If You Feel Disconnected From Your Body After Sexual Abuse, You're Not Alone

by Arielle Egozi

I watch myself from the clouds, no longer in my body. It's much easier to navigate the streets, and much easier to navigate my emotions. I no longer have to have any.

I can kiss his hands and smell his neck. But once I leave, I don't hear his voice. I barely remember his face. I watch the moon and see her silver, but I can't bathe beneath her like I used to, with my body glowing along to her light.

I can open a door, but I can't seem to open my heart. It doesn't tighten, expand, cry or shout. Now, it seems I've lost where it is.

All my plants are dying. Their flowers are withered and their roots are dry. Only my succulents are surviving. My stagnant emotions are unable to release. Their hard edges are retaining and withholding.

I draw a smile on my face because it's all I know how to do. When things are hard, I smile. I'm brave, and now everyone can see it, too. But it's the corners of my lips that are tired. No longer do they wish to invite strangers in for conversations. They don't think that story is funny, and they don't wish to pretend everything is OK.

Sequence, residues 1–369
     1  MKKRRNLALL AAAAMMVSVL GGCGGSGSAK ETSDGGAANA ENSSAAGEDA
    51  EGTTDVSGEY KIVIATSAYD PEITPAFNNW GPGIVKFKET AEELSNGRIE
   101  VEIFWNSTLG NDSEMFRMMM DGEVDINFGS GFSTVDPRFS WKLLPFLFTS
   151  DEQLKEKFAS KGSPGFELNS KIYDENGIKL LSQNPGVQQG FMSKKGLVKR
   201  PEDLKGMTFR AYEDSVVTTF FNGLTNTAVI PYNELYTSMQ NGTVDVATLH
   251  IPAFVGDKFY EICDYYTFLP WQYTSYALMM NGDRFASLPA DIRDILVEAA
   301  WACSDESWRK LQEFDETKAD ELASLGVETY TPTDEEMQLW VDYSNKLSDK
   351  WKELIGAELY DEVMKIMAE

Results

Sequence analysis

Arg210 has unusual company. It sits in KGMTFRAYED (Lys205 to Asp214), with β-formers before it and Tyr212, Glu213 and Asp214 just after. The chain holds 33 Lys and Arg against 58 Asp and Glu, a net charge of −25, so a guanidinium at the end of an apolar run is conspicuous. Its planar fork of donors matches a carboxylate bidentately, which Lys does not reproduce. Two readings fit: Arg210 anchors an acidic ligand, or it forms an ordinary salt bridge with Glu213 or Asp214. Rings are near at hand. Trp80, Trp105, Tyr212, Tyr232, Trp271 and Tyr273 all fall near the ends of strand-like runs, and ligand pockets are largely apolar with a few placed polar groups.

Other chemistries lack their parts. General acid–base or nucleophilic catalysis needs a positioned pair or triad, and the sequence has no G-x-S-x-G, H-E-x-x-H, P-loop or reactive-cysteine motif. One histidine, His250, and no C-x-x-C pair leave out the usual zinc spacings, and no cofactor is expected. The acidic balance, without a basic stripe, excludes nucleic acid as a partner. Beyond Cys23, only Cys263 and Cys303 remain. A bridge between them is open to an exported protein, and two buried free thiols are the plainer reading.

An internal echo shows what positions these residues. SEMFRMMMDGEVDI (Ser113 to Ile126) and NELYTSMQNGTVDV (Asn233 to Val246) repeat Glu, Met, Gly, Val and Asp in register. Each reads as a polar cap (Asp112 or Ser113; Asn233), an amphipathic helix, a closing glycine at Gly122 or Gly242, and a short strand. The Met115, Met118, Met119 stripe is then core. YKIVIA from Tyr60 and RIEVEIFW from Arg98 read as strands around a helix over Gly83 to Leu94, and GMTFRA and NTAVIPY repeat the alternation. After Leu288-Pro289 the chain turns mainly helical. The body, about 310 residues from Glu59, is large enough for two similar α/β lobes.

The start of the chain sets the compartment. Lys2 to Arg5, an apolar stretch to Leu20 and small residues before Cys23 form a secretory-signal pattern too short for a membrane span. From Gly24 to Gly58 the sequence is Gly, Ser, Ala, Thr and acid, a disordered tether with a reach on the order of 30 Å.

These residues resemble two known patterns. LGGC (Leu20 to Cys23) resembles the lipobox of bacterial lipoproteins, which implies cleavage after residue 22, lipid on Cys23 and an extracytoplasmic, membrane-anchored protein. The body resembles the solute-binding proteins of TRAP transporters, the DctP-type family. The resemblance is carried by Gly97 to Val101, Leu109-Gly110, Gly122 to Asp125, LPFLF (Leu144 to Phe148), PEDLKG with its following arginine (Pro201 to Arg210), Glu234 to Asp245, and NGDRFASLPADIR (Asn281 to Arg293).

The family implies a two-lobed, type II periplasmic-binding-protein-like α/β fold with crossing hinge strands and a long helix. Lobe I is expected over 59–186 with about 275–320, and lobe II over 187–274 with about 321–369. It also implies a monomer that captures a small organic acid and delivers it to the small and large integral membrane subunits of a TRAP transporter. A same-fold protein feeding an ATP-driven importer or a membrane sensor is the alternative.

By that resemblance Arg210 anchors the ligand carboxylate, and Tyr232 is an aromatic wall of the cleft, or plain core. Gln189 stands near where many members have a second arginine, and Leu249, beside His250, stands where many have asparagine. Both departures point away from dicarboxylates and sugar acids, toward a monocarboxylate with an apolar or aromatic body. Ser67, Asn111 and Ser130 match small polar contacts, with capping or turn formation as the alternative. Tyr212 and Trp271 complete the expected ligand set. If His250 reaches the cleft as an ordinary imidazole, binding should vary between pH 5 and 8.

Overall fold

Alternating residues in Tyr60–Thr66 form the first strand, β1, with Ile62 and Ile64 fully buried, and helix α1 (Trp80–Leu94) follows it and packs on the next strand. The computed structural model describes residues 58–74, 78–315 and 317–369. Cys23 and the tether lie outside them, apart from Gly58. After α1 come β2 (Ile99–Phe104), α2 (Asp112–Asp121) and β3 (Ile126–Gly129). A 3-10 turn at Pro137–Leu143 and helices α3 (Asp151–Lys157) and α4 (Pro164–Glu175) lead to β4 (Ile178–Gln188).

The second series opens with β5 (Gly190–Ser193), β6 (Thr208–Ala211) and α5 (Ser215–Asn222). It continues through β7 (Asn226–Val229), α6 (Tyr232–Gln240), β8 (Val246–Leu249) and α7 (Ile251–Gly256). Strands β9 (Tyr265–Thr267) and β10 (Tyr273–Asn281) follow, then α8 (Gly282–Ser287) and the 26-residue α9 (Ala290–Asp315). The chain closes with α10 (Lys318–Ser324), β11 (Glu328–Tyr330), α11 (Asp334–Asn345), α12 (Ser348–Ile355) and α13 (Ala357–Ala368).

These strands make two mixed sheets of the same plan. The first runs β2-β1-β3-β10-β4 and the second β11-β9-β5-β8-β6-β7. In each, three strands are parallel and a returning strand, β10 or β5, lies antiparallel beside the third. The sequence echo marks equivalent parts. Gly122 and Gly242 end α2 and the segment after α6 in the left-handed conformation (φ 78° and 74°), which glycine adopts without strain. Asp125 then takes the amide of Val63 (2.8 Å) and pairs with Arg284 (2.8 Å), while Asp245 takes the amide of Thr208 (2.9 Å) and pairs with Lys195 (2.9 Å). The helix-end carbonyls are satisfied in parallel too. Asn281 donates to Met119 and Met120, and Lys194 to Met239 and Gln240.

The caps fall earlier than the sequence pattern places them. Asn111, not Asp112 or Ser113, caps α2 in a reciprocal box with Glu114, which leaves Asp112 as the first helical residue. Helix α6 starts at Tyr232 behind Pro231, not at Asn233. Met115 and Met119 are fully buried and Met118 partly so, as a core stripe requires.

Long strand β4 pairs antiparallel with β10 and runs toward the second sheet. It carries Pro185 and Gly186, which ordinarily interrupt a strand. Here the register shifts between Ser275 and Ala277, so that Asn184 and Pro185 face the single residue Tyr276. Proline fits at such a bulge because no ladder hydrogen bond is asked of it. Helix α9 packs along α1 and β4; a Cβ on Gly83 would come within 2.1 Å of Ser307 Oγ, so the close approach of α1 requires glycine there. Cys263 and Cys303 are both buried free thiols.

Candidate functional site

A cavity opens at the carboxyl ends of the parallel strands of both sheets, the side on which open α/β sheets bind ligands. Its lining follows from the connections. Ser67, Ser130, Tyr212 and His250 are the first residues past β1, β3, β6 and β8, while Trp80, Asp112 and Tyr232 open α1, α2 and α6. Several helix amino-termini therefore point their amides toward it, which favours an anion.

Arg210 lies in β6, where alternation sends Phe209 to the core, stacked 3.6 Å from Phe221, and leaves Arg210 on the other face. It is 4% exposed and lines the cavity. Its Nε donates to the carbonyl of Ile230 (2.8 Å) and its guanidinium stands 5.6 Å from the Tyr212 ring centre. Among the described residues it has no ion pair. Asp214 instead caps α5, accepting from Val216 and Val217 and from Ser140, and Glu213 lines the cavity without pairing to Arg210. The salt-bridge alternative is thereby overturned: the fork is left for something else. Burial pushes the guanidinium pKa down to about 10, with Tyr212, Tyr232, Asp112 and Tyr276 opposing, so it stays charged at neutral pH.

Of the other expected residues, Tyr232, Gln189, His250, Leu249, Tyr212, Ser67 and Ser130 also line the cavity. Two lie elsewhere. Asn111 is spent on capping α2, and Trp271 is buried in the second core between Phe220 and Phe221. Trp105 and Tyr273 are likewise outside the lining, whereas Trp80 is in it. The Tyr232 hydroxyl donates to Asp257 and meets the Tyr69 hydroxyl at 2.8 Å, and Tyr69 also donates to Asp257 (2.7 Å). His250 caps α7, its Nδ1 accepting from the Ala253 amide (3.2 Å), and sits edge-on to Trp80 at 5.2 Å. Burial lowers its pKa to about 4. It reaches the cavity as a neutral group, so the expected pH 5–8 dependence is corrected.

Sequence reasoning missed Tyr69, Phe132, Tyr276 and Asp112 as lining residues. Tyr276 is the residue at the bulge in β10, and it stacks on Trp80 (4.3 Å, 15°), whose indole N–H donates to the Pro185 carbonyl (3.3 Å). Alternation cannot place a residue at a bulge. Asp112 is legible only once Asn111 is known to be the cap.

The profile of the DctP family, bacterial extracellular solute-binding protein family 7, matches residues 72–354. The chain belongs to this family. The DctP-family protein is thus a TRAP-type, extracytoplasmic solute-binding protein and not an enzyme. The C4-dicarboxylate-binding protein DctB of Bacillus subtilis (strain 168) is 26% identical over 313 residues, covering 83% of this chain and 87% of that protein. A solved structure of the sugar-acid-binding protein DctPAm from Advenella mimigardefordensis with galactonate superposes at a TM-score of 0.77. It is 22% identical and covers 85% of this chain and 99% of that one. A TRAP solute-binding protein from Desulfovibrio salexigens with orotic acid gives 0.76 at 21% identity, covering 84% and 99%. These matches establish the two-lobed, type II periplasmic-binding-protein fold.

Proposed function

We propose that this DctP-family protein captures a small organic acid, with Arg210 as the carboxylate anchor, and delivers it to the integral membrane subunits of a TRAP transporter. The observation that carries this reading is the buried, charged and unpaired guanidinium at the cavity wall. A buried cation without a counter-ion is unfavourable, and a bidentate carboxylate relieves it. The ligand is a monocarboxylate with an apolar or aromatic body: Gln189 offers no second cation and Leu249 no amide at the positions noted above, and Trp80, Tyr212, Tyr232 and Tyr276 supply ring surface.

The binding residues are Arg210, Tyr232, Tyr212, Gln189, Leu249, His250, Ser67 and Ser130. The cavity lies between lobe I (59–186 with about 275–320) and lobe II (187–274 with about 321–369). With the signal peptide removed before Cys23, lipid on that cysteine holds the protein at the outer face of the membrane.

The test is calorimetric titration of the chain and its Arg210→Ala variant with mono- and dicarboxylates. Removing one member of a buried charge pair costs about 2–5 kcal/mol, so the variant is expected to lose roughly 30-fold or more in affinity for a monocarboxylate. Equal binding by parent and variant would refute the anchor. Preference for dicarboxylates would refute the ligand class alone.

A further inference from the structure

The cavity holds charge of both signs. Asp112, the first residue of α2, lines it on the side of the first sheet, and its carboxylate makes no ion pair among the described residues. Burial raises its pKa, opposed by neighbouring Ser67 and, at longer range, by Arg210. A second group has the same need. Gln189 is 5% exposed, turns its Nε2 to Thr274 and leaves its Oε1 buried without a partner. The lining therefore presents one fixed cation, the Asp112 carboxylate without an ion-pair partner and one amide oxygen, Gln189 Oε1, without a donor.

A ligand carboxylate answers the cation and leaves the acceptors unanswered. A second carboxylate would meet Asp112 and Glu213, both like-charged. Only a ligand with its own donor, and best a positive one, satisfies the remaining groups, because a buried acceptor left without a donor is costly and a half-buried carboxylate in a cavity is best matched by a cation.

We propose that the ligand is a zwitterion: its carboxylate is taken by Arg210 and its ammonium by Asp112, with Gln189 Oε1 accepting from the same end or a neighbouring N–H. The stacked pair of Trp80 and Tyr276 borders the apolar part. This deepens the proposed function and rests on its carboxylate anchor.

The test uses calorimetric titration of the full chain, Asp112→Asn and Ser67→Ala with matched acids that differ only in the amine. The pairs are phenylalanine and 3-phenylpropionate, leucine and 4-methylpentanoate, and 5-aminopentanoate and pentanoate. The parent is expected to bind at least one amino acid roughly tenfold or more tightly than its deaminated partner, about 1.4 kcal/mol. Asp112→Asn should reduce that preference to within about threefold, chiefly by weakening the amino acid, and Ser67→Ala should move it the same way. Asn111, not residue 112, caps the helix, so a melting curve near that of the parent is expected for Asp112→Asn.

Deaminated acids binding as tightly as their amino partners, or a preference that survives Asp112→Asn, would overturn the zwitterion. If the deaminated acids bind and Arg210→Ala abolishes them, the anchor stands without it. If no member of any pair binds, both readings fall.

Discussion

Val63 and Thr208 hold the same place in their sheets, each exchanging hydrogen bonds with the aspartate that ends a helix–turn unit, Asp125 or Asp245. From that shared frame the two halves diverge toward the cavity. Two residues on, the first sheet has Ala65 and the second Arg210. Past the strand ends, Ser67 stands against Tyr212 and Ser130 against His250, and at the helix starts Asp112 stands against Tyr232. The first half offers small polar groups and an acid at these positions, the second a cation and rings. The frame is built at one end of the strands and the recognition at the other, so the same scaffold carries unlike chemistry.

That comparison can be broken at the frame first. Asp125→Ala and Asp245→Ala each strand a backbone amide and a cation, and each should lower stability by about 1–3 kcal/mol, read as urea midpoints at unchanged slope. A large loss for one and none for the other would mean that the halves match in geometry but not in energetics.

Everything is not OK. I'm not OK.

Perhaps it's myself my heart is running away from: the girl who is always so happy, filled with life and afraid to disappoint the world. But mostly, she's afraid to disappoint herself. In life, there could be spaces of piercing pain, searing skin and hollow scabs of tragedy.

Observing myself from above relieves me of that space. I can't feel hurt if I can't feel anything.

I can't feel anything. There is no pain when there is nothing. But there's only nothing. I don't feel the trees or hear the stories. I don't feel the wind, and I don't feel his whispers.